A little bit of common sense will get you a long way, and with this in mind a sensible reaction to the estate tax would be to give gifts to those who would otherwise be inheriting these assets while you are still alive. This is easier said than done because there is a gift tax in place with the same 35% rate as the estate tax.
It should be mentioned that there is a $5 million lifetime gift tax exemption, but it does not help at all if you’re looking for estate tax efficiency because it is unified with the estate tax exclusion. This means that if you were to give, for example, $3 million in gifts using this exemption you would only have $2 million left to utilize as an estate tax buffer.
Estate planning attorneys do have some tools available to them that can be utilized to transfer assets in a tax-free manner. One of these revolves around the creation of a grantor retained annuity trust or GRAT. To employ this strategy you fund the trust, set a trust term, and name a beneficiary. The act of funding the trust is considered to be a taxable gift by the IRS and they calculate normal appreciation utilizing 120% of the federal midterm rate that was current during the month of the trust‘s creation.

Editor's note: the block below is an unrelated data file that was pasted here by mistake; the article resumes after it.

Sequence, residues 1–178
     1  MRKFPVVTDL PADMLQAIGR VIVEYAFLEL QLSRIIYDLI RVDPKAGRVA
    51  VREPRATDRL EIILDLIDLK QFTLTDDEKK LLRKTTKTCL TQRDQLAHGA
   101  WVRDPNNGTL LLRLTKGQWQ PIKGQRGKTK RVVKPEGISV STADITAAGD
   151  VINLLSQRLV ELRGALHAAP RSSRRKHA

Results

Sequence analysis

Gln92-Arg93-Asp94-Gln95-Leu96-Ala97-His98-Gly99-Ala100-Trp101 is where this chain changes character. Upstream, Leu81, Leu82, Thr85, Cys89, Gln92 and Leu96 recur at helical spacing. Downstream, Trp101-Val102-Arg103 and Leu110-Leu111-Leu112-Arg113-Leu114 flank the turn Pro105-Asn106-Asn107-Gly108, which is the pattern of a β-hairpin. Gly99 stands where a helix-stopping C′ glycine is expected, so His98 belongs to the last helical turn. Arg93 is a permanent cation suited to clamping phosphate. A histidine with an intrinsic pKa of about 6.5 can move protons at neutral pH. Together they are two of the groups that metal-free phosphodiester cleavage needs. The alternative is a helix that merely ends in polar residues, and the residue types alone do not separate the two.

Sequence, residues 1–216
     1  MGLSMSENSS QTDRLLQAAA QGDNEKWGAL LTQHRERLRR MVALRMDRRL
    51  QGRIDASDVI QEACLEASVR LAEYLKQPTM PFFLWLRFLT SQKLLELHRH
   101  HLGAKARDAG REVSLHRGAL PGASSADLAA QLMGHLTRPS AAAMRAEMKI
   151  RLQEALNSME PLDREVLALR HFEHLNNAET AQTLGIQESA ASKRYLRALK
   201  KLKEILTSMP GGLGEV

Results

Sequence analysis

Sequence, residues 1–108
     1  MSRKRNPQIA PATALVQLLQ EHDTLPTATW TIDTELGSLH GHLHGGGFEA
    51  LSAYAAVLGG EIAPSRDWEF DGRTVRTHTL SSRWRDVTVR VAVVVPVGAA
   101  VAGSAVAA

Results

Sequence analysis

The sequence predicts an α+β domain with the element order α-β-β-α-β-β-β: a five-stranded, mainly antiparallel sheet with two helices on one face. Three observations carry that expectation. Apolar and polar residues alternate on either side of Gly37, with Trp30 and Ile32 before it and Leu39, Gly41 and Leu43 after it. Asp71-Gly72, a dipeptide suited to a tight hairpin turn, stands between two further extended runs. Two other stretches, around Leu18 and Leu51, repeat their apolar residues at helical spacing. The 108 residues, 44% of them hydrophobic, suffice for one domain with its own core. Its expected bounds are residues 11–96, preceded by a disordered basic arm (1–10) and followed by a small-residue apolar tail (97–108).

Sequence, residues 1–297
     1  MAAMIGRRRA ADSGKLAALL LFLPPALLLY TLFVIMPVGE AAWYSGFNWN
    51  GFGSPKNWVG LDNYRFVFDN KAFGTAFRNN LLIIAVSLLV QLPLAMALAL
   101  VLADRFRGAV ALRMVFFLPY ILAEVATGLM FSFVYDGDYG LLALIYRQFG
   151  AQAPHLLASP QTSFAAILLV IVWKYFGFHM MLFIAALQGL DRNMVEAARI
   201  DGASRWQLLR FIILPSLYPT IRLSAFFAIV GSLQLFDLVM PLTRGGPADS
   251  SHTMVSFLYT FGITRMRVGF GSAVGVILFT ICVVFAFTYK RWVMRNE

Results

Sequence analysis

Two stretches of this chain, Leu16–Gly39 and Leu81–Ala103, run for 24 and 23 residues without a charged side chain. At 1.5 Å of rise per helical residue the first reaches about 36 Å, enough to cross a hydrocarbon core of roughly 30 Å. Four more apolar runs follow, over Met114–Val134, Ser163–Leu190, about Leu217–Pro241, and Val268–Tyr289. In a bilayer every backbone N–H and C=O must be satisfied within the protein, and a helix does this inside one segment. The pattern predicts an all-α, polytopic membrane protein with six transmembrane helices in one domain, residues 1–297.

During the term of the trust you receive annuity payments, and this strategy involves “zeroing out” the GRAT. So, you arrange for the annuity payments to equal the entire taxable value of the trust over the course of its term. By doing this you retain all of the interest in the trust, thus you are not exposed to any gift tax liability.
The initial objective is to fund the trusts with assets that you would expect to appreciate considerably. If these assets did indeed appreciate beyond the original IRS valuation at the end of the trust term your beneficiary would assume ownership of the remainder and the gift tax would not be applicable.
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